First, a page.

10 Interesting Things You Need to Know About Arundel Castle

The mighty Arundel Castle.

Arundel Castle, one of the oldest inhabited castles in the United Kingdom, still remains the home of the Dukes of Norfolk. Here are the 10 things that you will find interesting about this historic castle.

The Castle is the seat of the Dukes of Norfolk

The Castle is the principal seat of the family of Dukes of Norfolk. The Duke is the premier duke in the peerage of England, and also, as Earl of Arundel, the premier earl. The Duke is also the hereditary Earl Marshal of England.  The current holder of the title is Edward Fitzalan-Howard, 18th Duke of Norfolk.

The Castle was established by Roger de Montgomercy

Arundel Castle motte.
Arundel Castle was established by Roger de Montgomery on Christmas Day 1067. He was the first earl of Arundel by the graces of William the Conqueror.

The Castle's oldest feature is the motte. 
The castle bridge.
The oldest feature is the motte, an artificial mound, over 100 feet high from the dry moat, and constructed in 1068: followed by the gatehouse in 1070.

The English Civil War severely damaged the castle.
The castle's drawing room.
The castle was heavily damaged during the English Civil War. It was not until the 18th, however, when construction started.

The Castle was restored in the late 1700s.
The Arundel Castle library

Charles Howard, 11th Duke of Norfolk, was known for his restoration work and improvements to the castle beginning in 1787. Known as the Drunk Duke, he was a close friend of the Prince Regent (later George IV) and wanted to make the castle his principal residence and place of entertainments. The Duke brought about many improvements to the castle. To this day, castle’s library remains as he had it designed and built.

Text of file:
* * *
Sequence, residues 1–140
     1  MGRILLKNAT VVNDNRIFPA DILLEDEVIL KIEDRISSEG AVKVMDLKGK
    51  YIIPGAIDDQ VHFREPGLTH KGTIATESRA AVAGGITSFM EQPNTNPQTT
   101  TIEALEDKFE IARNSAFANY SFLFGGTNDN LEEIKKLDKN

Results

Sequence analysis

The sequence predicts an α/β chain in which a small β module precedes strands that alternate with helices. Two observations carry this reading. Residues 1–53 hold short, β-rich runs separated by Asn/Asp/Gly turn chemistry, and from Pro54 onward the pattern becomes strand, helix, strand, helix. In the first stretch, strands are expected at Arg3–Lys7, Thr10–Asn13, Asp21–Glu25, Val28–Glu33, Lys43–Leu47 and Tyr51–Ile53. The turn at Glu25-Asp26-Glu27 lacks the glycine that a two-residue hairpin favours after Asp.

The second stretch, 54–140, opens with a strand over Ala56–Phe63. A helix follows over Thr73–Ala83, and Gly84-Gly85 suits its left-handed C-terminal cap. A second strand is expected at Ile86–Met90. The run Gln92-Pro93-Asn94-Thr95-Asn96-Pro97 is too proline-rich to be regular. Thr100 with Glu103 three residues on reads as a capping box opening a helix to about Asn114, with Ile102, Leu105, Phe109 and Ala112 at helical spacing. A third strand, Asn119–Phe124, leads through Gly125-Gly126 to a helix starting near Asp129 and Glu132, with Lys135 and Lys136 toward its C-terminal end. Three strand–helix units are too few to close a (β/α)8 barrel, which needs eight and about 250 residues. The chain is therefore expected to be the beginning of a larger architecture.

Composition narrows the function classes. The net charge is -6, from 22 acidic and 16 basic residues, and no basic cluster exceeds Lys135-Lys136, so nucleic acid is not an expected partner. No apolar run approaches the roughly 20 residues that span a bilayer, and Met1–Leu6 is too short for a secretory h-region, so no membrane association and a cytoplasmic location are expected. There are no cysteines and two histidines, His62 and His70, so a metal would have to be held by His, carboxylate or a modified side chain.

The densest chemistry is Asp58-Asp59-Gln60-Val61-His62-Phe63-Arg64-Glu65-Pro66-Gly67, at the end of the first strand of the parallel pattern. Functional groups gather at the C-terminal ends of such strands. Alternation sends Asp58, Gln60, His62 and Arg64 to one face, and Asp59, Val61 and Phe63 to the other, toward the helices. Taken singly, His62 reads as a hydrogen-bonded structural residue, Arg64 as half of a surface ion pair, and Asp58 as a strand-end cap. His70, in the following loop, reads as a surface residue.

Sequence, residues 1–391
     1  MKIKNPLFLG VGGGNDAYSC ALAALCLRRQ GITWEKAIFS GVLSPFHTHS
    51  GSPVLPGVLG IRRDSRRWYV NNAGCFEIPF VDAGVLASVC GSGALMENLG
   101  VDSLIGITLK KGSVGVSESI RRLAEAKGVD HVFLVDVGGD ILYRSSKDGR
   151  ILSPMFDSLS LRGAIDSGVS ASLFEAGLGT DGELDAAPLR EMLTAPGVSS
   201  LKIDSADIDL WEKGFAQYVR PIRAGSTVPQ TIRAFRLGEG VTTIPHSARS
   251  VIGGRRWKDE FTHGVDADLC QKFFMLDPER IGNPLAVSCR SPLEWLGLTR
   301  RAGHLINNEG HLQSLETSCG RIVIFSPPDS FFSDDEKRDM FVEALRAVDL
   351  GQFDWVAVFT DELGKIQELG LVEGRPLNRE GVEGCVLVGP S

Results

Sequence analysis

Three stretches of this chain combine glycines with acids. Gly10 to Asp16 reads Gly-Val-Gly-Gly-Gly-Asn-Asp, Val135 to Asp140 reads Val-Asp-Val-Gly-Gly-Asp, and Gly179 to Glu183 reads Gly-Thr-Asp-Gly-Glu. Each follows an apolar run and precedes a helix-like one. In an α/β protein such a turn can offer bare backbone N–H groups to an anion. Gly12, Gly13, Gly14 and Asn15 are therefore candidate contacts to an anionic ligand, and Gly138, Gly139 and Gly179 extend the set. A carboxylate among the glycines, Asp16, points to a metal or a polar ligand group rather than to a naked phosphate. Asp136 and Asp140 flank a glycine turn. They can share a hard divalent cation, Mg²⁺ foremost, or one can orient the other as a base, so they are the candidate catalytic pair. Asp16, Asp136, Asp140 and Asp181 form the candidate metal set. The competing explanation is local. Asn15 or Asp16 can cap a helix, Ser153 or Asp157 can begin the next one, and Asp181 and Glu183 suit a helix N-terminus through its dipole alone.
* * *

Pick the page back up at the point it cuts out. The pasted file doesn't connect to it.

Queen Victoria and Prince Albert stayed at the Castle.
One of the Arundel Castle's Victorian bedrooms
In 1846, Queen Victoria and her husband, Prince Albert, visited Arundel Castle for a few days. Henry Charles Howard, 13th Duke of Norfolk, had remodelled the castle ahead of the royal visit. The delighted queen wrote at the end of her visit about how she enjoyed her stay there, commenting on the "beautiful" castle and the friendliness of her reception. The suite of rooms in which Victoria stayed are now part of the family's private apartments but the suite of bedroom furniture made for her is on display. Among other things to see are the Queen's bed, the guest book bearing her and her Consort's signature, and her toilet.

The Castle was one of the first medieval fortresses to be modernized.
The Collector Garden. A lovely tribute to the 14th Earl of Arundel.

Henry,the 15th Duke of Norfolk (1847-1917) did an extensive restoration project completed in 1900. The castle was one of the first English country houses to have electric lights, integral fire fighting equipment, service lifts and central heating.

A trust was established for the benefit of the Castle.
The gardens at Arundel Castle are well maintained.
The 16th Duke had planned to give the castle to the National Trust but after his death in 1975, his successor, the 17th Duke, instead, established an independent charitable trust to oversee the castle  and manage the restoration works.

For more information about Arundel Castle,  visit its official website.


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